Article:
when at each of the places where work was carried on there were banks with which he had
accounts. The AAC further found that the assessee had withdrawn a sum of Rs. 45,000 on
the day on which the high denomination notes were encashed and a further sum of Rs.
6,005 a few days later and neither sum had been utilised by the assessee. The sum of Rs.
51,000 was brought to tax as income from undisclosed sources.
9. In view of these materials the Supreme Court came to the conclusion that there were
materials to show that the sum of Rs. 51,000 did not form part of the cash balance of the
assessee and the source of the money not having been satisfactorily proved, the
Department was justified in holding it to be assessable income of the assessee from some
undisclosed source.
10. The Supreme Court further observed if there was an entry in the books of the assessee
which showed receipt of a sum on conversion of high denomination notes tendered for
conversion by the assessee, it was necessary for the assessee to establish, if asked, what
the source of that money was and to prove that it did not bear the nature of income. The
Department at that stage was not required to prove anything. If the assessee gives an
explanation then the Department cannot unreasonably reject the explanation. If, however,
the explanation is unconvincing and one which deserves to be rejected, the Department can
reject the explanation and draw the inference that the amount represents income either
from the sources already disclosed by the assessee or from some undisclosed source. In
these circumstances, it cannot be said, the Supreme Court observed, that the Department
proceeded on no evidence, because the fact that there was receipt of money is itself
evidence against the assessee. There is prima facie evidence against the assessee which the
assessee fails to rebut.
At p. 115 of the report, Hidayatullah, J. (as His Lordship then was) observed :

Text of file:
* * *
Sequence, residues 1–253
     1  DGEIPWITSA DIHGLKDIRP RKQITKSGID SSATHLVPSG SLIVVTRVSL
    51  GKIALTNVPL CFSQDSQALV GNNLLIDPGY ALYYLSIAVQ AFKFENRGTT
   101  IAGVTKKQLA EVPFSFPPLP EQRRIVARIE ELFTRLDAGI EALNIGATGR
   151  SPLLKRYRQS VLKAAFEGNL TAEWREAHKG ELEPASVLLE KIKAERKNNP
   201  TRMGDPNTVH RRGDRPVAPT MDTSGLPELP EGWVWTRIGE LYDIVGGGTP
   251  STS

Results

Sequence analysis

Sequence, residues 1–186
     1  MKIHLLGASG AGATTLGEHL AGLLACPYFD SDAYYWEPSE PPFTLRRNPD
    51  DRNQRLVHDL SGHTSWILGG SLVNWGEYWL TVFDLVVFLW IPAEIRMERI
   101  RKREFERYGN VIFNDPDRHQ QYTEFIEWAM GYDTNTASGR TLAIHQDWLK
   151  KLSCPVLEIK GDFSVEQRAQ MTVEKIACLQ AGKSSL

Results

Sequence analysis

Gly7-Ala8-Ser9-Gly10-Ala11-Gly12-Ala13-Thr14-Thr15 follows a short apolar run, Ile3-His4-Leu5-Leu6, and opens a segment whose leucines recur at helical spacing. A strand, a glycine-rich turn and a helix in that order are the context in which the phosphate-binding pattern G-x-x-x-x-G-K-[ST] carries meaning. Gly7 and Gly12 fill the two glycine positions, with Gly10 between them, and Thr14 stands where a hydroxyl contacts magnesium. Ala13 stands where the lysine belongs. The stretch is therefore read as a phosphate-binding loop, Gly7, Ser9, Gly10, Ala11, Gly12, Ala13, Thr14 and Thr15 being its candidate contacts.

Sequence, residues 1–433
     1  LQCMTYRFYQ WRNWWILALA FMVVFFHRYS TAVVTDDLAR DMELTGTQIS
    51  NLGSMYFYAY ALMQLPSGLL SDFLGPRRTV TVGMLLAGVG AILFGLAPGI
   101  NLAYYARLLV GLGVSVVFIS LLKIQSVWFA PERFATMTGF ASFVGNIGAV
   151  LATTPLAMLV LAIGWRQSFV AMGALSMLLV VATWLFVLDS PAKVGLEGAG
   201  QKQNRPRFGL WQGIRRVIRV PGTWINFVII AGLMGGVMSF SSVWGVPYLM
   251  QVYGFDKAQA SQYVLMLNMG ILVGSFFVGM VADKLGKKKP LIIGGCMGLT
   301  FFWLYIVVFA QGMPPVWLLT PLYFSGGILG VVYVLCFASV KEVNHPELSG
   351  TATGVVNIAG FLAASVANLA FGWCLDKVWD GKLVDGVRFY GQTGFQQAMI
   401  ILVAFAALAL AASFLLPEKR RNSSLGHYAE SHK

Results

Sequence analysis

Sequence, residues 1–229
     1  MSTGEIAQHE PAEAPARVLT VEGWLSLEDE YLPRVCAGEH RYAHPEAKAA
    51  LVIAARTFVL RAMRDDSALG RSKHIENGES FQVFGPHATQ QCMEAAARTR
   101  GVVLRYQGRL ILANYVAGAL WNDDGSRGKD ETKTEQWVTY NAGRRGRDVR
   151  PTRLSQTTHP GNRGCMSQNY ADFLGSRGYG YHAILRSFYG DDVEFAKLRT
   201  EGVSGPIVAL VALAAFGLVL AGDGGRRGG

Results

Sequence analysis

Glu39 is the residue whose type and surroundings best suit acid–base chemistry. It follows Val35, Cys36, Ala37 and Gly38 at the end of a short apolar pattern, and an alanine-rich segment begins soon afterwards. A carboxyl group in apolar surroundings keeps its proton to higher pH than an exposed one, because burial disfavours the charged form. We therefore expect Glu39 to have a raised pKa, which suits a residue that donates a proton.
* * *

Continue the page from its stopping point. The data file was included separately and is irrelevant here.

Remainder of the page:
"The cases involving the encashment of high denomination notes are quite numerous. In
some of them the explanation tendered by the taxpayer has been accepted, and, in some, it
has been rejected. The manner in which evidence brought on behalf of the taxpayer should
be viewed, has, of course, depended on the facts of each case. In those cases in which the
assessee proved that he had on the relevant date a large sum of money sufficient to cover
the number of notes encashed, this Court and the High Courts, in the absence of something
which showed that the explanation was inherently improbable, accepted the explanation
that the assessee held the amount or part of it in high denomination notes. In other words,
in such cases, the assessee was held, prima facie, to have discharged the burden which was
upon him. Where the assessee was unable to prove that in his normal business or
otherwise, he was possessed of so much cash, it was held that the assessee started under a
cloud and must dispel that cloud to the reasonable satisfaction of the assessing authorities,
and that if he did not, then, the Department was free to reject his explanation and to hold
that the amount represented income from some undisclosed source."
11. In the background of the above principles we have now to examine the order of the
Tribunal. The Tribunal has deleted the addition of Rs. 21,000 but has sustained the addition
of Rs. 36,000 as income from undisclosed source. One item in respect of which addition was
made on account of income from undisclosed source, which has been sustained by the
Tribunal, arises out of the loan transaction of Rs. 1,26,000 given by the assessee alleged to
be in high denomination notes to M/s Singh & Co. The assessee's explanation was that the
sum was given out of the sale proceeds of the property of the assessee at No. 3, Rustomjee
Parsee Road, Calcutta, to M/s Indian Research Institute Ltd. The conveyance was for the
sum of Rs. 1,53,000. The conveyance recorded that the consideration money was paid in
high denomination notes and the particulars of the said notes were mentioned in the deed
of conveyance. The ITO had compared the numbers of the high denomination notes
encashed by M/s Singh & Co. and the high denomination notes mentioned in the deed of
conveyance and he found that they tallied to the extent of Rs. 1,10,000. A sum of Rs.
16,000 was, therefore, treated on this account as assessee's income from undisclosed
source. The assessee's explanation before the Tribunal was that one ten thousand rupee
note which the assessee received as sale price must have got changed before inclusion in
the loan to M/s Singh & Co. The Tribunal observed at p. 43 of the paper book :
"We are unable to accept that the assessee changed one ten thousand rupee note for